Deductive reasoning supports workplace planning and efficiency.


Deductive Reasoning Types

There are two main types of deductive reasoning: syllogism and conditional reasoning. Syllogism occurs when conclusions are drawn from two premises where both premises share a term with the conclusion. (e.g.: If X is equal to Y, and Z is equal to X, then Z is equal to Y). The use of syllogism aids in the effort to present an incontestable argument. While deductive reasoning depends on premises that are accepted as truth, utilizing a syllogism then strengthens that claim by demonstrating the inevitability of its outcome.

Conditional reasoning, on the other hand, uses “if…then” statements to make an argument grounded in deductive reasoning. In this context, an antecedent (the “if”) is in relationship with a consequent (the “then”). In this context, an argument is valid when all of its components parts are true, and their outcome must also be true. An argument is invalid when its component parts are true, but the outcome can be false. If there is any chance of the outcome being false, then the argument is invalid.

Deductive reasoning uses deductive logic to determine a solution or outcome based on existing premises. Logic is defined as a linear, step-by-step means of thinking about, or solving, something.

There are many different types of deductive arguments that one might use to deduce the best solution to a situation, or to counter-argue another’s logical reasoning. The examples are as follows:

  • Affirming the Antecedent (Valid): If X is true, then Y is true. Thus, X is true, therefore Y is true.
  • Affirming the Consequent (Invalid): If X is true, then Y is true. But if Y is true, it does NOT guarantee that X is true.
  • Denying the Antecedent (Invalid): If X is true, then Y is true. But if X is NOT true, it does NOT guarantee that Y is not true.
  • Denying the Consequent (Valid): If X is true, then Y is true. If Y is not true, then X is not true.
  • Addition: If X and Y mean the same thing, they can be used interchangeably.
  • Simplification: If X and Y mean the same thing, one can choose to only use X.
  • Dilemma: If one must choose between X and Y, but X equals Y AND X equals Z, one chooses Z.
  • Contraposition: If X occurs, then Y occurs. If X does not occur, then Y does not occur.
  • Hypothetical Syllogism: If X occurs, then Y occurs. If Y occurs, then Z occurs. Thus, if X occurs then Z occurs.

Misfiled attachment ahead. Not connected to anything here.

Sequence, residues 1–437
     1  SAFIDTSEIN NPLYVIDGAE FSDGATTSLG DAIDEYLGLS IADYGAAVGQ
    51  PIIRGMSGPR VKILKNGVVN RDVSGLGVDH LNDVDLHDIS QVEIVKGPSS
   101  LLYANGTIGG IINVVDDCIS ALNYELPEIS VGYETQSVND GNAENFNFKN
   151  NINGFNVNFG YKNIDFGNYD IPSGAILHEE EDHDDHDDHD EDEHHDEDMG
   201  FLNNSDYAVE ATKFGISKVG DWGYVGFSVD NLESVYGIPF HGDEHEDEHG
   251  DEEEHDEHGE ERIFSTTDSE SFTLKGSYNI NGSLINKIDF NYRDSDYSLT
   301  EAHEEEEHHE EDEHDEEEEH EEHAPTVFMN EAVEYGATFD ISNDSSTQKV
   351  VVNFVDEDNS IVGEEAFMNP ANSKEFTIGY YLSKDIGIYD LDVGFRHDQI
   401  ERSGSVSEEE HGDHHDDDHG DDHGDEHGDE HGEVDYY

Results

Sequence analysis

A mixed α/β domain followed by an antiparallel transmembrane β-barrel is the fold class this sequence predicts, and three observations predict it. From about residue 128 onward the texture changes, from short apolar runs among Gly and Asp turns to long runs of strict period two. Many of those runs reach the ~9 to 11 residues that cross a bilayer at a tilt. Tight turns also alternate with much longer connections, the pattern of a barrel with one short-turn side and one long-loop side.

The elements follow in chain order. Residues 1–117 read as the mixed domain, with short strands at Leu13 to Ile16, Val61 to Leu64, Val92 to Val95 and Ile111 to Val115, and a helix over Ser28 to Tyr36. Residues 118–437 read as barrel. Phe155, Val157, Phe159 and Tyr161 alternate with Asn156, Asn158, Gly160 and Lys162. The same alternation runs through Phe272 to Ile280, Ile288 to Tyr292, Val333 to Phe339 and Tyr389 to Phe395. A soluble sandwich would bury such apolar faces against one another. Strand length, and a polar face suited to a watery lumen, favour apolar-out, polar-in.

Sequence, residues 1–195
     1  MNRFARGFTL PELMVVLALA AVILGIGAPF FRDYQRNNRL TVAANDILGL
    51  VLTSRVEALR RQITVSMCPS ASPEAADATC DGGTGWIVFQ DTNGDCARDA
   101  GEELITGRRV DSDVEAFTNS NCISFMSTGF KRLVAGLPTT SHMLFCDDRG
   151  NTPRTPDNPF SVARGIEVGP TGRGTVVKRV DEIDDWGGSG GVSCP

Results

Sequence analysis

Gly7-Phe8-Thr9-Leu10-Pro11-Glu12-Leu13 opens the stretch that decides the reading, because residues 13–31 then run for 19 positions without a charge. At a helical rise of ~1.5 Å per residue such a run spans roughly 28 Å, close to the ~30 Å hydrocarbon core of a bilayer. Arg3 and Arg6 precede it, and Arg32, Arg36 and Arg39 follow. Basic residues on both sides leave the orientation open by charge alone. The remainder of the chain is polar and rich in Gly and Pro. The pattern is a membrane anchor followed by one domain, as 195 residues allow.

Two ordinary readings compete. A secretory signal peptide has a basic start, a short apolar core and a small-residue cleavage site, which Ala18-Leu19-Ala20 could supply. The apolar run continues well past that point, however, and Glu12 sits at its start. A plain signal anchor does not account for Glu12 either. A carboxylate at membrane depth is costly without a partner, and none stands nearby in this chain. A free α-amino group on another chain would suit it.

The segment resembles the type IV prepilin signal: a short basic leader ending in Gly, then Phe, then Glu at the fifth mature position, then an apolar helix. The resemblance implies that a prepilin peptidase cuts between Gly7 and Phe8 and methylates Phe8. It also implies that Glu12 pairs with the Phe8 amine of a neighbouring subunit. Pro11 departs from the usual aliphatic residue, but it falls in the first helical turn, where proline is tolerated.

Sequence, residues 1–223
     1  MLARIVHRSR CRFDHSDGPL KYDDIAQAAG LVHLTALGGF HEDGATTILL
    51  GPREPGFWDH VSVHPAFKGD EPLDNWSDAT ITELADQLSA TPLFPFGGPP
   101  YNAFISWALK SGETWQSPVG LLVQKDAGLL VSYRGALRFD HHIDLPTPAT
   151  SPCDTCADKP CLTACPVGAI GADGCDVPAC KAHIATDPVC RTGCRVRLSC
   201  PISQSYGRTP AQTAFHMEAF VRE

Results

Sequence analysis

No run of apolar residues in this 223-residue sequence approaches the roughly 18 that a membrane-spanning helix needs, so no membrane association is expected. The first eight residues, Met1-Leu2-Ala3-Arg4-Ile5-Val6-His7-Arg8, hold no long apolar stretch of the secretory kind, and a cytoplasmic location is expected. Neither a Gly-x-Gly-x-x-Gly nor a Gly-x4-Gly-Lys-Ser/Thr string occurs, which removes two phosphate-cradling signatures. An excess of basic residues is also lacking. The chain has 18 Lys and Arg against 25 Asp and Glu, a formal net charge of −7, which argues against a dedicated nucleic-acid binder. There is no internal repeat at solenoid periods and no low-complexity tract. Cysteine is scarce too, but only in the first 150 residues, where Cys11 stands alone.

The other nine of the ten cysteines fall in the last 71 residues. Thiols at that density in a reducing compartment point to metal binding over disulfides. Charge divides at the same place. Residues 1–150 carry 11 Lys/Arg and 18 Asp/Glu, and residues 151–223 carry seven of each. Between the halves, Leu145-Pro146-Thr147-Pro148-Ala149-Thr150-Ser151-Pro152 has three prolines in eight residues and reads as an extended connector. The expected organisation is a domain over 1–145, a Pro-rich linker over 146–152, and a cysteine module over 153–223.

• Disjunctive Syllogism: If one must choose between X and Y, and one choose not-X, then one has chosen Y.
  • Modus Ponens: If X occurs, then Y occurs.
  • Modus Tollens: If X occurs then Y occurs. If Y has not occurred, then X did not occur.

If red is valued the same as yellow, and green is valued the same as yellow, then red and green have the same value.

Logic graphic

Deductive Reasoning Versus Inductive Reasoning

Deductive reasoning differs from inductive reasoning in that deductive reasoning promises a truthful argument, so long as the truth of its premises remain intact. Inductive reasoning seeks to make an argument that likely will be true if its premises are true.

Deductive reasoning: Cats ruin couches. Couches are expensive. Cats ruin expensive furniture.

Inductive reasoning: Every time I’ve owned a cat, it has ruined my couch. Couches are expensive. So if I get another cat, it will ruin my expensive furniture.

Benefits of Deductive Reasoning

  • Focuses on one solution
  • Almost guarantees a true conclusion
  • Aids in the decision making process
  • Shows the step-by-step process that informs a decision.

Lesson Summary

Deductive reasoning is a form of logical thinking that helps people make claims and conduct arguments that have high odds of being true, provided that the premises upon which they are grounded are also true. Where inductive reasoning is more open-ended and has a high likelihood of producing a true conclusion if premises are true, deductive reasoning is more likely to promise truth. There are two types of deductive reasoning: syllogism and conditional reasoning. Deductive reasoning can be used:

  • in the workplace
  • in scientific research
  • in the classroom
  • in day-to-day life
  • in major decision making situations
  • in disagreements
  • … and many other settings!

Deductive reasoning helps individuals track their decision making process and make valid arguments grounded in factual premises. It makes daily life easier while also supporting policymakers, lobbyists, and other people in power make significant decisions.